With this part I was just offering a very primitive explanation for a common myth. Increased lip tension is a part of course. The breath support does not really "change" with register (exceptions like lead playing not withstanding). Our lungs have no "turbo" mode

    I do appreciate the warnings about the dangers of ANALysis. The problem is that simply criticizing that attitude is useless. When the questions are there, they often do not let go until we find something to calm our curiosity. If you belong to the lucky couple of % of players that naively play well, congratulations. My whole life has been full of questions and answers that never drag over to my performing. I feel pretty lucky to have been in the company of players and acoustics related specialists with answers.

    I firmly believe that not everybody is born to be a virtuoso. Some of us will only make it to the geek stage and that is OK too. Denial has never been a good solution. In getting to the point of being the best you can be, we all have different paths. The best teacher will pick you up where you are (geekiness and all) and help find the most efficient path to your personal best!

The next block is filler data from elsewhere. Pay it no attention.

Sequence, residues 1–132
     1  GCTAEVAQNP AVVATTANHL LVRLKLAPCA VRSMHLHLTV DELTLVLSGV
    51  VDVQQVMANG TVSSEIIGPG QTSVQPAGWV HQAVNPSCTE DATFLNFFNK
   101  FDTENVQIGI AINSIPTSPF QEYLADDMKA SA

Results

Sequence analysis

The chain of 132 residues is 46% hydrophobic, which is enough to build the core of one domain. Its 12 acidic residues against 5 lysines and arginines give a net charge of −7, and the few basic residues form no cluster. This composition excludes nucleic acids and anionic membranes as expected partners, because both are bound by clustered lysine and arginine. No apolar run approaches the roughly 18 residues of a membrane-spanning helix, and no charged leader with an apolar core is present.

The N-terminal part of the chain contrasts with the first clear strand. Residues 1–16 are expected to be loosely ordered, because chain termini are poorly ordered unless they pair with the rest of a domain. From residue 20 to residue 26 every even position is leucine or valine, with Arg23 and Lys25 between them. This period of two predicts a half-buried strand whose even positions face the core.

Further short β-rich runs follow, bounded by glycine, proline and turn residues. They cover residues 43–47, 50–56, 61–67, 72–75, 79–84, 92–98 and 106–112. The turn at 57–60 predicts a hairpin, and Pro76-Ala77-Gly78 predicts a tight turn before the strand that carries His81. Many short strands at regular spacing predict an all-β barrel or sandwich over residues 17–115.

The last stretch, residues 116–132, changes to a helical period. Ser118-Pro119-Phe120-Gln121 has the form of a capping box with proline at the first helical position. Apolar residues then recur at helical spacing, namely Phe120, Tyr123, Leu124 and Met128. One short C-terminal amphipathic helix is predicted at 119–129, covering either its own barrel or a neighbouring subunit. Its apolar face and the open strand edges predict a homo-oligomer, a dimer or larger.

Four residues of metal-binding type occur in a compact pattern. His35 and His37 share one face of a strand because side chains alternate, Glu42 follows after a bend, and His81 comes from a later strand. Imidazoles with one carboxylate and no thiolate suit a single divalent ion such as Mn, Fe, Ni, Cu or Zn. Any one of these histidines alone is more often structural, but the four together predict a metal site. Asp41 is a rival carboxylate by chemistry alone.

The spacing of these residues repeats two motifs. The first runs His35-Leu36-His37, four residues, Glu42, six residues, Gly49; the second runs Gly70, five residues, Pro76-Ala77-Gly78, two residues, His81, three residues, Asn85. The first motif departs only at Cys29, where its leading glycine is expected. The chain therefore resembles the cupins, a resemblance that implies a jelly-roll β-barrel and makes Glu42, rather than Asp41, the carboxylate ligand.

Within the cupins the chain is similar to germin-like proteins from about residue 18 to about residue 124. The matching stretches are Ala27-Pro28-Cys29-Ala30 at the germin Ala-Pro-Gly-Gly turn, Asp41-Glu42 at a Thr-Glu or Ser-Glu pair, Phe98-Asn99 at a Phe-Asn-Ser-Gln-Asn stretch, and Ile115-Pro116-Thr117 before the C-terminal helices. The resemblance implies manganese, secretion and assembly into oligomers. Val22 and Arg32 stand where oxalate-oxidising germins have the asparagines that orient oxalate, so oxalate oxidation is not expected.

7. dhbailey

    dhbailey Piano User

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    My point in raising the paralysis by analysis specter is that when people become too obsessed with what's going on in the mouth, for example, they forget to think about the tone and projection, they forget to simply listen to the sound coming out of the instrument. And too much attention to detailed explanations of what is going on in the whole trumpet playing experience often makes people stop thinking about the music at all. There is a lot to be gotten from the simple phrase "just play the darn thing!"

    The arching tongue, to return to a point jdostie made, indeed does increase the velocity of the air-stream. This is due to the venturi effect - forcing the same amount of gas or liquid at the same pressure through a smaller opening results in the gas or liquid flowing at a higher velocity. The higher velocity of the air stream which results from arching the tongue does result in a brighter tone. Just as when we whistle, arching the tongue raises the pitch and brightens the sound. But it is because of the velocity as much as the more focused air stream.

    That's how it was explained to me by my trumpet teacher back in college and my subsequent research has done nothing to change that.